If you've read any of these, pop your thoughts and review links in the Comments. And your suggestions for other #ReadingWomen books are most welcome. Comment them too!

I plan to blog my #Reading Women post on the 10th of each month. Feel welcome to join in on any date! I've even made a badge to wear on your blog :-)

Instructions: Select all code above, copy it and paste it inside your blog post as HTML


  1. Female authors certainly need to feel the love from us book bloggers! It does seem unfair yet not surprising, that male authors get more funding and chances. In the ideal world you should get promoted on the quality of your work.

    1. Exactly! It's exasperating to think about the books I'm not even aware of because of other people's bias in deciding where the advertising should be concentrated.

  2. To be honest, I read far more books penned by female authors more than anything else but it's still disgraceful to see such inequality in this industry.

    1. I thought I read more women too, but I just did a count up for this year and so far it's 30 books by women and 30 by men with next planned reads being one of each as well. I'm surprisingly well balanced!

  3. I always know that whenever I visit your blog, I'm going to end up adding more books to my TBR and this is no exception! These all sound so amazing and I wholeheartedly agree with the sentiment: the patriarchy is still alive and well in publishing, even though it's more hidden than it used to be. It's so important to use our consumer power to force publishing companies into recognizing their errors and supporting female authors and their amazing books is a great way to do it! Lovely post, Stephanie!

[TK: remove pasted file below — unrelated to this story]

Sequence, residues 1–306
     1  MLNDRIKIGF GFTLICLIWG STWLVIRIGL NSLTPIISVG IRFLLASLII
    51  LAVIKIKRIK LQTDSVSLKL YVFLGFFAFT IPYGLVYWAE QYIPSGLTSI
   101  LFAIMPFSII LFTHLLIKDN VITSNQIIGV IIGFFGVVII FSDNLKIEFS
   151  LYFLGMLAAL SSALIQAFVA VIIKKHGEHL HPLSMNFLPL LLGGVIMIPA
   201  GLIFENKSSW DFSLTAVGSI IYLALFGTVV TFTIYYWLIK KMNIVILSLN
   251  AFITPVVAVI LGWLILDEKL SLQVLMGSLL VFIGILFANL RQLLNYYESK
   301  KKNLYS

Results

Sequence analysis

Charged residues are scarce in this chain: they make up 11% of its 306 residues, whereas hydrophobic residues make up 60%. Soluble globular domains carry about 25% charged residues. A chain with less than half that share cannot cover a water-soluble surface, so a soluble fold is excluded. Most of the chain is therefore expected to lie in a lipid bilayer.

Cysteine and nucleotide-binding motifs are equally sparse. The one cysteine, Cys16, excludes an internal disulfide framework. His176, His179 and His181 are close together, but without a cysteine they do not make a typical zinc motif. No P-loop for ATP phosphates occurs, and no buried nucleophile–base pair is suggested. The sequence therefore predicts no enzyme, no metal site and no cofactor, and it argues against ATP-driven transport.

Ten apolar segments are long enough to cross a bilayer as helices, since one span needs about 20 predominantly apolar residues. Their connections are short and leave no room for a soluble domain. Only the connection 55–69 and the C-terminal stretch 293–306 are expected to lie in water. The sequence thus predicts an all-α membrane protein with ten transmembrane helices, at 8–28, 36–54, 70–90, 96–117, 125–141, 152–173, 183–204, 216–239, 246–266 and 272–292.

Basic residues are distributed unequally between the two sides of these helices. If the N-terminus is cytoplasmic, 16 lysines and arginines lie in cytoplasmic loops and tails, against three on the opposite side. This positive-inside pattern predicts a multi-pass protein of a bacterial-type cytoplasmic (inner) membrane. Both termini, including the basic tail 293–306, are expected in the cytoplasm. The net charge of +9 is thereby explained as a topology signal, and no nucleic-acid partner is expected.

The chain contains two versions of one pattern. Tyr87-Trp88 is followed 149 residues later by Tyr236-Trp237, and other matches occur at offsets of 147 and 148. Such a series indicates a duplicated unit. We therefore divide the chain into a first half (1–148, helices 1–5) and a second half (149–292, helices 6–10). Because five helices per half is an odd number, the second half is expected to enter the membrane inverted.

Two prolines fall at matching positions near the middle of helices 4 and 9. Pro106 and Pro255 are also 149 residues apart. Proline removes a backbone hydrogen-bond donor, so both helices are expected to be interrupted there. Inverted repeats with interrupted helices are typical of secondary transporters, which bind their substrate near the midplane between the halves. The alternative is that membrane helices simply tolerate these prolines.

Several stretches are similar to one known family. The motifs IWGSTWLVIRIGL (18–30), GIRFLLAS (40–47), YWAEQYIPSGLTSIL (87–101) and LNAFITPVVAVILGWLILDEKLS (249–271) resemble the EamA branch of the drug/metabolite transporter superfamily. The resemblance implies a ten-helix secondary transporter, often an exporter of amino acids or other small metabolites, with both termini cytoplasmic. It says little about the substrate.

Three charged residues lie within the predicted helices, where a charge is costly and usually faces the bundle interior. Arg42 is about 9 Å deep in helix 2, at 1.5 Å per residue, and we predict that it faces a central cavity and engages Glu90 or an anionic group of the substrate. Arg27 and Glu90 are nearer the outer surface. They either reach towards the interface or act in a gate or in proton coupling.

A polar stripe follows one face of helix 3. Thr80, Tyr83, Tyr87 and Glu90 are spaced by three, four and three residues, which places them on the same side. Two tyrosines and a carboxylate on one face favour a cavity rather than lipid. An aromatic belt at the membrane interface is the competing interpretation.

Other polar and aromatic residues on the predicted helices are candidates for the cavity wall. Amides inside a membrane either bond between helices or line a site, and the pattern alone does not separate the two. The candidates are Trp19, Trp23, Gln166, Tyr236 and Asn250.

Laura @BlueEyeBooks

    1. Thank you Laura!
      I'm now picturing a cartoon image of your TBR trying to run away and hide whenever it knows you're visiting here :-)

  4. I'd say I read far more books written by women than by men not intentionally but the way my preferences go I suspect.

  5. This is a great post! I'll definitely join in on this as I want to read more books authored by women. It would be fun to do a read around the world specific to women authors. It will be something to plan for :)

    Cam @ Camillea Reads

    1. That's a good idea! I try to include at least one female authored book in all my WorldReads posts, but they're not always easy to find